There they all were, some of the best academic physicists in the world, plonked down in a mushrooming encampment in the wilds of New Mexico and told to make an atom bomb. The recollections of participants depict Los Alamos as a prolonged summer school set up to do a very difficult experiment. That tall thin guy with the pipe must be ‘Oppie’ Oppenheimer from Berkeley – clever, of course, but does he have enough ideas? I agree that young Dick Feynman is brilliant, but that’s no excuse for his picking the lock on my safe! What is Bohr doing going around calling himself Mr Baker? Those good, sensible men like Peierls who lived through it could scarcely have realised that they had walk-on parts in a drama worthy of Euripides or Brecht. A conjectured device of god-like power has to be designed and built by mortal men. Ideologies of truth-seeking and love of humanity clash. The principal actors do not have to be invented. Start with a leader – Oppenheimer – twice as smart as paint and twice as nervous as a cat. Give him a vainer, more inventive rival – Teller. Bring on a distant boss – Groves – as tough and proud as a bull, and let the chorus remind us of an even more distant war to be won or lost. And don’t ever forget the villain who is secretly betraying them all.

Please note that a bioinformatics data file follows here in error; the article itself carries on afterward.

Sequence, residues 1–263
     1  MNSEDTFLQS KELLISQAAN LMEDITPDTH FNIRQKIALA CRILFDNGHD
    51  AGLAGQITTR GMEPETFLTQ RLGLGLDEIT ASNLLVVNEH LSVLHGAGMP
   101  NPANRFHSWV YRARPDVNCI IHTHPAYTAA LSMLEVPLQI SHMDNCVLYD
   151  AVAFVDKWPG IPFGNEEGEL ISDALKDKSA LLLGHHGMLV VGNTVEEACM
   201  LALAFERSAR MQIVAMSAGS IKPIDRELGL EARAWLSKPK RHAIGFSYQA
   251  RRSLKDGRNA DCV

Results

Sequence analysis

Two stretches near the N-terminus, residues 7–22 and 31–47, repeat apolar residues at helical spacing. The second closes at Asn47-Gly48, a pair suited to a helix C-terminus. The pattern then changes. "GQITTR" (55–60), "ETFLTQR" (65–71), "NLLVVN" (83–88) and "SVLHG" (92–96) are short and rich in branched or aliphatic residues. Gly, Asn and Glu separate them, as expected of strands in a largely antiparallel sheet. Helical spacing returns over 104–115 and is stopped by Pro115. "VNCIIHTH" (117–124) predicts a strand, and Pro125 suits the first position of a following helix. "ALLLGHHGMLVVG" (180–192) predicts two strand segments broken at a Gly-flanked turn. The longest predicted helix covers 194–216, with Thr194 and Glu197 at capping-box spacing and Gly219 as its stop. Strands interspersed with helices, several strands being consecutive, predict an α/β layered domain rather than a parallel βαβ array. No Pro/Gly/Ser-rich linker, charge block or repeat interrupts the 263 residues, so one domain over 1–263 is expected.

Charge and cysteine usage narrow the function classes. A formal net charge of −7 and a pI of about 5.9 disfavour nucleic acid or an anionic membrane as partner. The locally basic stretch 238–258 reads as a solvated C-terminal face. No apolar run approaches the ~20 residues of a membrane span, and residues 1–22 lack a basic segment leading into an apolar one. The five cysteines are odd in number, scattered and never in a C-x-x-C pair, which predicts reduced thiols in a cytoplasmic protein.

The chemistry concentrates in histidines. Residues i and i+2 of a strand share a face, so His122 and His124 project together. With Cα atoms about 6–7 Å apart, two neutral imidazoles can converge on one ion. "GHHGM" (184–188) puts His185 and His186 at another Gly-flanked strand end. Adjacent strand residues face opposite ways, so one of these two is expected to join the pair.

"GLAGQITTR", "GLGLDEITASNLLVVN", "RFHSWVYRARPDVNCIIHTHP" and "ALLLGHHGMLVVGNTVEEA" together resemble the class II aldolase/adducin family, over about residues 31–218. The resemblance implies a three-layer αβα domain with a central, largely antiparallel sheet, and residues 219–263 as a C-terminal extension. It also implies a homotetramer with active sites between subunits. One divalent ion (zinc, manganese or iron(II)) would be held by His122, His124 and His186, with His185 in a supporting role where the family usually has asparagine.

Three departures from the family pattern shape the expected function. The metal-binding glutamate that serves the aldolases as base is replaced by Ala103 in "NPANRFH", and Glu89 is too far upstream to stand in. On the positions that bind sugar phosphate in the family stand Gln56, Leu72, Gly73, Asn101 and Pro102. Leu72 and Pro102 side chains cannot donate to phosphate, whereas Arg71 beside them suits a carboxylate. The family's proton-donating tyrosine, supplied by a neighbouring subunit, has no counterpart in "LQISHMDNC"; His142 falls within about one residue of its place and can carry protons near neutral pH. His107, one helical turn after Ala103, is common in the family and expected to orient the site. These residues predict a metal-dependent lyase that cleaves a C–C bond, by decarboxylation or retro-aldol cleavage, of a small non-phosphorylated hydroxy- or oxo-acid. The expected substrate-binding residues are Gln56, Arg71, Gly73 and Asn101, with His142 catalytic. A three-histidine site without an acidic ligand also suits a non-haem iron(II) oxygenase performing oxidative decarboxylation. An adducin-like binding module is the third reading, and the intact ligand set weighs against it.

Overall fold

Martin Cruz Smith is an enthralling storyteller, but uses the authentic drama of Los Alamos only as the dynamic setting for a more earthy melodrama in which the historical characters are little more than cardboard cutouts. Stallion Gate could have been more than a good yarn, but whatever its message was intended to be it is lost in the unremitting coarseness of incident. Perhaps another culture did flourish around the scientists in New Mexico, a culture of hand guns and violent fisticuffs, involving the resident Indians as well as the thousands of technical and military personnel brought in from elsewhere for this secret project. Oppenheimer’s bodyguard/driver might just possibly have been a gigantic Pueblo Indian sergeant who also happened to be a boxing champion and inspired jazz pianist, and it is fun to imagine that he might have saved Fuchs from death at the hands of irate Indians whose sacred place he had accidentally penetrated. But the paranoid security officer obsessed with the notion of Oppenheimer as the arch-traitor is near enough to the truth. It is a pity that he had to be fantasised into a monster to jade the palates of a million hoped-for readers.